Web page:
The Central Arizona Better Business Bureau is warning Arizona residents to be extremely cautious with their personal information to avoid phony voter registration drives designed to steal their identities.
During years of high interest elections, voter interest and turnout is high. That leads to higher levels of voter registration, especially as the election date draws near. Unfortunately, a projected increase in voter turnout also means there will be a lot of people registering who are unfamiliar with the process, and who may be easy prey for identity thieves.
ID theft under the guise of voter registration can be perpetrated through e-mail, on the phone, and even in person. And younger voters and first-time registrants need to be especially wary. All voters, though, need to be aware of the following ways ID thieves might try to get at their personal information during election season.
Is That Voter Registration Solicitation Legitimate?
Phishing e-mails are spam that attempt to coerce sensitive information from the recipient. When it comes to voter registration scams, recipients may get phishing e-mails that appear to be from a government agency and claim that the recipient must click on a link in the message to register to vote or resolve a registration issue. These links will actually redirect recipients to Web sites that install viruses or malware on their computers or ask for personal information such as Social Security or bank account numbers.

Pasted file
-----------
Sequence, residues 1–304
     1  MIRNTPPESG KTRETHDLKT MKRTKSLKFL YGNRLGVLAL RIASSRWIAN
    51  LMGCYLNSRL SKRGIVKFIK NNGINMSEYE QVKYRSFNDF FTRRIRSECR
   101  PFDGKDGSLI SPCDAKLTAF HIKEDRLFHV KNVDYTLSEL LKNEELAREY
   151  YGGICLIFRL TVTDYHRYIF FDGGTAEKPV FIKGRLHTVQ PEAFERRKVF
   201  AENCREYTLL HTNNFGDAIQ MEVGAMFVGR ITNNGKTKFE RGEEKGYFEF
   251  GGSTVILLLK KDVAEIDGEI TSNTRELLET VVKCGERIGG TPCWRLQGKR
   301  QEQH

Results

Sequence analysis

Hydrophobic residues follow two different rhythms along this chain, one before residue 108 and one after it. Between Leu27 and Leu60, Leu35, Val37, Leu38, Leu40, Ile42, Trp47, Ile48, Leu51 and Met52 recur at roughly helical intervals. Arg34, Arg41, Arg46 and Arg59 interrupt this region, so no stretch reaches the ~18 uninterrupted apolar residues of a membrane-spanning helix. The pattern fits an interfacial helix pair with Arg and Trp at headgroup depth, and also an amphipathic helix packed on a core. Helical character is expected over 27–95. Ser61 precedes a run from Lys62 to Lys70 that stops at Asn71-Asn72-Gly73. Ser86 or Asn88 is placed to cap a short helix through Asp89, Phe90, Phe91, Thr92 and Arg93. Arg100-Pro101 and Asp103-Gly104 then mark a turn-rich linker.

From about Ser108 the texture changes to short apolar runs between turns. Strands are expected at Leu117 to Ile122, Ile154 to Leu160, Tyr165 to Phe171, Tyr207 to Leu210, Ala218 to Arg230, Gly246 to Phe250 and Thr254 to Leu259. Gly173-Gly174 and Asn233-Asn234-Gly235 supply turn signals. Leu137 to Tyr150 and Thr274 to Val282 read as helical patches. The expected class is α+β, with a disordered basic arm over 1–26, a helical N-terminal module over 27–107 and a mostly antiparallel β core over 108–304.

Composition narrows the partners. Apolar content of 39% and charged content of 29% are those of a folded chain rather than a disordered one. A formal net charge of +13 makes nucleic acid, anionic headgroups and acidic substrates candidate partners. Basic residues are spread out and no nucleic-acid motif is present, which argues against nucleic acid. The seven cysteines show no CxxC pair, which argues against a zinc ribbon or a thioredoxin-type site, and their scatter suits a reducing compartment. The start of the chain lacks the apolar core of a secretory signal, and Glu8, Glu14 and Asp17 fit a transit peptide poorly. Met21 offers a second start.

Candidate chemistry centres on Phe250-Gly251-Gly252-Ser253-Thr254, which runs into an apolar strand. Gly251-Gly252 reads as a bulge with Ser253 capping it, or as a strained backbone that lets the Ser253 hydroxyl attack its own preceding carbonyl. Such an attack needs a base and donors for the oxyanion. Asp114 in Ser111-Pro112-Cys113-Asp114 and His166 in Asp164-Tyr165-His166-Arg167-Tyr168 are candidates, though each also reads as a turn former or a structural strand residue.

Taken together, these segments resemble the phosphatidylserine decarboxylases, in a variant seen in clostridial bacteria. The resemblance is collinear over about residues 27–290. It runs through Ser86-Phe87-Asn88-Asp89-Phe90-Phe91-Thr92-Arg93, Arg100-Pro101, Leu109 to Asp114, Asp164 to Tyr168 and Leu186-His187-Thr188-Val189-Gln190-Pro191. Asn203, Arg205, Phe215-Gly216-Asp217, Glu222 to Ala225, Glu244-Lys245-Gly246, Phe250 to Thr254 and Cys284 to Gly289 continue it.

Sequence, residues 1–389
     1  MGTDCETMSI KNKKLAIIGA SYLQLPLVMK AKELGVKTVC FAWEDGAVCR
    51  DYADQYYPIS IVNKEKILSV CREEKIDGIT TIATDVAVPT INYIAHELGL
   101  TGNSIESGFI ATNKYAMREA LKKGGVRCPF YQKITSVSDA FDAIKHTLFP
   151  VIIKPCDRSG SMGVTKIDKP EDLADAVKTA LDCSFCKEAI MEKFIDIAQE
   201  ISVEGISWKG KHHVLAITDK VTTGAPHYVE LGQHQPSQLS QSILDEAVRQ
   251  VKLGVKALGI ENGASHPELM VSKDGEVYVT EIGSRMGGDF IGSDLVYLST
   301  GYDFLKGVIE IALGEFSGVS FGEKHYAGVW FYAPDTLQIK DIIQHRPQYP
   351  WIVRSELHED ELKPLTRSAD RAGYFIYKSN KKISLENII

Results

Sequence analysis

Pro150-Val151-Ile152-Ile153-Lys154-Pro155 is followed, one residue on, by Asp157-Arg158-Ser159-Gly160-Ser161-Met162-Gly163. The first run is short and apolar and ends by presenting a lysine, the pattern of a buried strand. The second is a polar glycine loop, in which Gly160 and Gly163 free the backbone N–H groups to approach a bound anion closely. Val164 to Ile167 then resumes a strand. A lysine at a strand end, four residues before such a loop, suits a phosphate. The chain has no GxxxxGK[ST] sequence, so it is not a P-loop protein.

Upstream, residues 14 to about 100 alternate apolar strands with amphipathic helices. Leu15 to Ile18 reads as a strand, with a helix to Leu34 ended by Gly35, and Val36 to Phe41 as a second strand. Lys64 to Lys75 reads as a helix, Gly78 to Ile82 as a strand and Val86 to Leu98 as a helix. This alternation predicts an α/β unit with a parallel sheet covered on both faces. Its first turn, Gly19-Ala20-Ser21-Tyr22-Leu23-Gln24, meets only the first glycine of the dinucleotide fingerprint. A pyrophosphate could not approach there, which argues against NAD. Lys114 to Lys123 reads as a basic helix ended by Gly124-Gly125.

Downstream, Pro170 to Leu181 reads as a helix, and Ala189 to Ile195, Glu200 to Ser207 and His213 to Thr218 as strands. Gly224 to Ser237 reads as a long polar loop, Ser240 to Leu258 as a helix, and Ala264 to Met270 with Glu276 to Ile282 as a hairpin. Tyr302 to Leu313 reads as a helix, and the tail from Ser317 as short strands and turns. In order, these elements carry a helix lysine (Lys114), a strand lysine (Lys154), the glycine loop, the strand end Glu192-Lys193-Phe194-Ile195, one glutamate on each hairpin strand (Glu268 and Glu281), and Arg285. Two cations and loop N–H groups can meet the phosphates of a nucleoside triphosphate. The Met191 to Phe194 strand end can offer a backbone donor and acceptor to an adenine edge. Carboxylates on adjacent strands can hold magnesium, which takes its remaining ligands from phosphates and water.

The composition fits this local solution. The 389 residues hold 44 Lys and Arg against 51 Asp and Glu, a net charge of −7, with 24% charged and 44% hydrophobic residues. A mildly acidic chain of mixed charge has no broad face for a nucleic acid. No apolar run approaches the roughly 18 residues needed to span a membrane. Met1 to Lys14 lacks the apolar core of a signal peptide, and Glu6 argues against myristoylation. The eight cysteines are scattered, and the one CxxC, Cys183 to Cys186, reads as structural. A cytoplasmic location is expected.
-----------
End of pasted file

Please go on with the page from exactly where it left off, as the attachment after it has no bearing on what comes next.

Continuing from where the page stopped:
- On the Phone
Similar to phishing e-mails, a voter might receive an unsolicited call from someone claiming to work for a government agency or one of the presidential campaign offices. The caller may claim that there is a problem with the voter’s registration and they need to confirm their identity by providing personal information such as Social Security, bank account or credit card numbers. Voters need to know that state government officials do not contact voters by phone if there is an issue with their registration, nor do they need bank account or credit card numbers to confirm a voter’s identity.
Local voter registration drives often rely on individuals who set up in common public areas or go door-to-door to register voters. Would-be voters should always ask individuals for proof of which organization the volunteer is with before providing any information. While some states require Social Security numbers to vote, states never require bank account or credit card information to confirm the voter’s identity.
Consumers who believe they have become a victim of ID theft or voter registration fraud should contact the Central Arizona Better Business Bureau at 602-264-1721.
There are several safe ways to register to vote in Arizona. The state of Arizona does not require your entire Social Security number on the voting registration form, only the last four digits.